The G20 Summit that took place last week was memorable for a number of reasons: the riots in Hamburg, German Chancellor Merkel’s viral eye-roll at Russia’s President Putin, Ivanka Trump’s controversial sit-in for her father or perhaps French President Macron’s open, blatant racism.
Responding to a reporter’s question about the possibility of a Marshall Plan for Africa, Macron insisted that Africa’s problems were “much deeper.”
Unlike postwar Europe, he said, “le defi de l’Afrique est civilisationnel”, where injecting billions of Euros will do little to ease a demographic transition with countries that “still have 7 to 8 children per woman.”
“You will stabilize nothing,” he added.
Whereas colonialist rhetoric like this would be expected of his notoriously xenophobic former opponent Marine Le Pen, the fact that they came from a neo-“liberal” centrist is all the more disturbing.
But it ultimately points to an inherited mentality towards Africa that appears time and again within the Western political fabric.
THE PERSISTENCE OF COLONIAL DIPLOMACY
Yet we shouldn’t see Marcon’s comments as an anomaly, but more so a predictable step in the history of European colonialism and capital expansion.
By resurrecting such an archaic term, Macron has made it all the more obvious that Europe has yet to shift away from its imperial tendencies.
The emergence of the term ‘civilization’ can be traced directly back to Europe’s encounters with Africa.
The time the word came into being almost exactly coincides with the ‘mission civilisatrice’ (civilizing mission) rhetoric used to justify conquest abroad.
The idea that humanity is categorized into neat, linear stages (uncivilized – semi-civilized – civilized) positioned Europe at the top of this ladder.
Entities such as China, Japan and the Ottoman Empire were afforded semi-civilized status, and were recognized by the colonial powers but only to the extent that their capital could be siphoned.
Africa, however, was placed at the outskirts of this system of exclusion.
IMAGINING AFRICA: THE HEART OF DARKNESS
This mentality was pervasive in European society, and later became intrinsic to their own self-identification.
In 1899, Joseph Conrad wrote Heart of Darkness, in which a young voyager is shocked by images of exploitation in Africa.
He contrasts London and the Congo as “places of darkness” – the former being plagued with “civilizational” maladies, and the latter by the lack of “civilization.”
Conrad was among the first to reflect on the human condition under industrialization, but was trapped within the racist framework of his time; his novella denies Africans their humanity and uses their ‘savagery’ to bring out the worst in European culture.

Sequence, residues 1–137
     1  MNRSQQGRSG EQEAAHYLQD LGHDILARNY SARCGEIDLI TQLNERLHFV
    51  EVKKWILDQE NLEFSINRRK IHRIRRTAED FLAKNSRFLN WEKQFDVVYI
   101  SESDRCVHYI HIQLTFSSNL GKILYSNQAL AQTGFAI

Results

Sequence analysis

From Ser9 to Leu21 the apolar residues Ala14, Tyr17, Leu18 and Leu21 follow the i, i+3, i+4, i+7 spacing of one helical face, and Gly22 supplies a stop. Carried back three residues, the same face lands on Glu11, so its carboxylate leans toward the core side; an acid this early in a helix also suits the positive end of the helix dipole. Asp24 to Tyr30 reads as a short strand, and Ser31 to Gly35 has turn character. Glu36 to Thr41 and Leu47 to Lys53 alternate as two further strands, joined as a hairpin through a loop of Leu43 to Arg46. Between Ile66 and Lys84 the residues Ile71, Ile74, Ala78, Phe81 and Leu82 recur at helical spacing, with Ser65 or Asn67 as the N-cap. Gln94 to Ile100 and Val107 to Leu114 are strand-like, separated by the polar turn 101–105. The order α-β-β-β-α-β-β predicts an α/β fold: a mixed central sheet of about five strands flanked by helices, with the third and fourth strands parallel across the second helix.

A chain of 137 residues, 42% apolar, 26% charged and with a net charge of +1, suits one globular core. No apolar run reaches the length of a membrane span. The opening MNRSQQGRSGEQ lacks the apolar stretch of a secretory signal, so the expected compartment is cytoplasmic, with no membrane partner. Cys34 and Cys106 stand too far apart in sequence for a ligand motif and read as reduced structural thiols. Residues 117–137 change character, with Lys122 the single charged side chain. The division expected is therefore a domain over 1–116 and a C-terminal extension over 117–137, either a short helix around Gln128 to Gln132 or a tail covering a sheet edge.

“There you could look at a thing monstrous and free. It was unearthly and the men were …. No they were not inhuman. Well, you know that was the worst of it — this suspicion of their not being inhuman. It would come slowly to one. They howled and leaped and spun and made horrid faces, but what thrilled you, was just the thought of their humanity — like yours — the thought of your remote kinship with this wild and passionate uproar. Ugly.”
And yet according to this worldview, Europe was under a moral obligation to export its own notion of “civilization” to the rest of the world, and through this, legitimized, rationalized and legalized colonial policy, during which Africa would be drained, plundered and desecrated.
The aftermath of the First World War institutionalized these practices even further, under the auspices of the League of Nations.
Article 22 of its Covenant established the Mandate System that employed the moralistic language and policy of the civilizing mission.
As Japan and the Ottoman Empire came to realize during the 19th century, the only path into the club was economic, political and legal reform in the image of European society – a cultural erasure of sorts.
After decolonization, new forms of maintaining imperial rule flourished, particularly in the parasitic shapes of development agencies, such as the International Monetary Fund and the World Bank.
This neo-colonialism, as it is often referred, adopted new tools of exploitation including bilateral investment treaties, public-private partnerships, military intervention and free-market economies – all of which Macron suggested were solutions to Africa’s malaise.
‘ALTERNATIVE FACTS’, YOU TOO, MONSIEUR MACRON?
Macron’s remarks point to the resilience of imperialist thought and the effort to restructure capital both in the West and abroad.
But even when taken literally, Macron’s claim that Africa’s women have 7 or 8 children hindering its development is also factually inaccurate when it comes to every single African state.
And this isn’t another simple inaccuracy, it’s a full-blown racialized effort in stereotyping and perpetuating an image already firmly established within the colonial imaginary.
Because Europe wasn’t the neat picture with “its borders and its stability” that Macron tried to paint either.
Its Southeast theater was ravaged by vicious proxy wars, fueled by the US’ Truman Doctrine and anticommunist intervention leading up to the Cold War.
By repainting postwar Europe as a stable and ‘civilized’ political space, Macron is engaging the most deplorable kind of historical revisionism.
This supposedly prosperous Europe is directly contrasted by the ‘dark’ continent’s image of chaos, violence, radicalism and perpetual underdevelopment.
Macron diagnoses Africa’s developmental problems as stemming not from economic maladies, but from “civilizational” afflictions. This is to say that “saving” Africa is beyond the reach of Europe’s vast monetary resources.
This is juxtaposed to postwar Europe’s problems, which even after the bloodiest war in human history, were still only ever economic and never truly “civilizational.”
His comments reflect not a statement of facts, but an intention to recreate a bygone era.